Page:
September 7, 2011 / 2:23 PM / 8 years ago

Somali militants order schools to teach Arabic

MOGADISHU (Reuters) - Somalia’s al Shabaab rebels have banned English from schools in the southern port city of Kismayu they control and demanded teachers switch the curriculum to include Arabic and Islamic studies.

Somali school girls sit inside their classroom in the capital Mogadishu, March 11, 2007. REUTERS/Shabelle Media

The latest edict shows the disconnect between the al Qaeda-allied rebels intent on stamping harsh laws on areas they control, and Somali leaders who have agreed to hold an election next year even though the internationally backed government barely controls any territory beyond the capital.

The new school ruling also comes just days after the rebels ordered businesses on the outskirts of Mogadishu to rip down posters in English and Somali and replace them with Arabic ones.

Teachers in Kismayu said al Shabaab ordered the syllabus be changed from the beginning of this month after a week of meetings between the two parties.

“We used to teach the students Kenyan, Sudanese or Malaysian curricula which are written in English so that students can understand the material when they reach university,” Mahmud Ali, headmaster of Mohamed Jamac secondary and primary school in Kismayu, told Reuters by phone.

“But now we can’t teach because we have to change everything, including our teachers who are mostly Kenyan and don’t speak Arabic. We also used to teach students Somali literature, we don’t know what to do now,” he said.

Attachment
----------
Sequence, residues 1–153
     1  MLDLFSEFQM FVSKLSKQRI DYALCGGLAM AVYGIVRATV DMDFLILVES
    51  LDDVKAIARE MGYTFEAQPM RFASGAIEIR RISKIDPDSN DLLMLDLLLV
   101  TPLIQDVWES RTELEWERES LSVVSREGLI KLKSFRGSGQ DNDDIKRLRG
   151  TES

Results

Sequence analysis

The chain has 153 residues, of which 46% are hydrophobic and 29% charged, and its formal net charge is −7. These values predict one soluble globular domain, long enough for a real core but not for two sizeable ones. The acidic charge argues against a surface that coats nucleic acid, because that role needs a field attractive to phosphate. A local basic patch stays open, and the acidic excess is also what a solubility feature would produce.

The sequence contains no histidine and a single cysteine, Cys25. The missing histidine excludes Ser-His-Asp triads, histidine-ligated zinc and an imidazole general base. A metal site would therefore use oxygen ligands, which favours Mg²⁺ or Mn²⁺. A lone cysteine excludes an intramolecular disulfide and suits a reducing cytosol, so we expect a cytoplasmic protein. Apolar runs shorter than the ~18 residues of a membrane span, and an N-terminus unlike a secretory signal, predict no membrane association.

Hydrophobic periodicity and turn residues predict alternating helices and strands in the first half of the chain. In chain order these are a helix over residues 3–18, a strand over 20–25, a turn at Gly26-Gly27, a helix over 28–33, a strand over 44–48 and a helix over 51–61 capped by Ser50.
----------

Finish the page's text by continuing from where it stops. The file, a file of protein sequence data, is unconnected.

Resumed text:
The southern port city of Kismayu has about six secondary schools that teach in English, while most of the primary schools already teach in Arabic.

Al Shabaab have in the past sought to recruit school children to join a holy war against Somalia’s government and its allies. They have already banned English and science studies in other parts of southern Somalia.


In a statement posted on al Shabaab’s website, the militants said they took this step because they felt students were learning values in Christian and Hindu curriculums that they said were against Islamic sharia principles.

The hardline group, which bans music, movies and soccer, adheres to its own harsh interpretation of sharia law. They have also beheaded people and amputated limbs as punishment.

“The reason we want to impose this is to eradicate every curriculum against the Islamic sharia and we want to promote Islamic studies. We will take steps to control the educational system of our children,” the group said in a statement.

“Parents have to make sure they teach their children the principles of Islamic jihad,” said the group, which wants to impose its version of sharia law on all of Somalia.

Somali politicians adopted a roadmap on Tuesday designed to lead to elections within a year and end a string of fragile transition governments that have successively failed to bring peace.

The meeting came about three weeks after al Shabaab withdrew from most of their rebel bases in Mogadishu, a move they said was tactical. Their leader has vowed the fighters will return.

The plan also lays out timetables for improving security in Mogadishu and other parts of southern Somalia, but it is not entirely clear how they would achieve that with an already overstretched African Union peacekeeping force, and al Shabaab intent on launching attacks against government and African troops.

Somalia has been in turmoil since warlords toppled dictator Mohamed Siad Barre in 1991. Fighting has killed more than 21,000 people since al Shabaab launched its insurgency in 2007.

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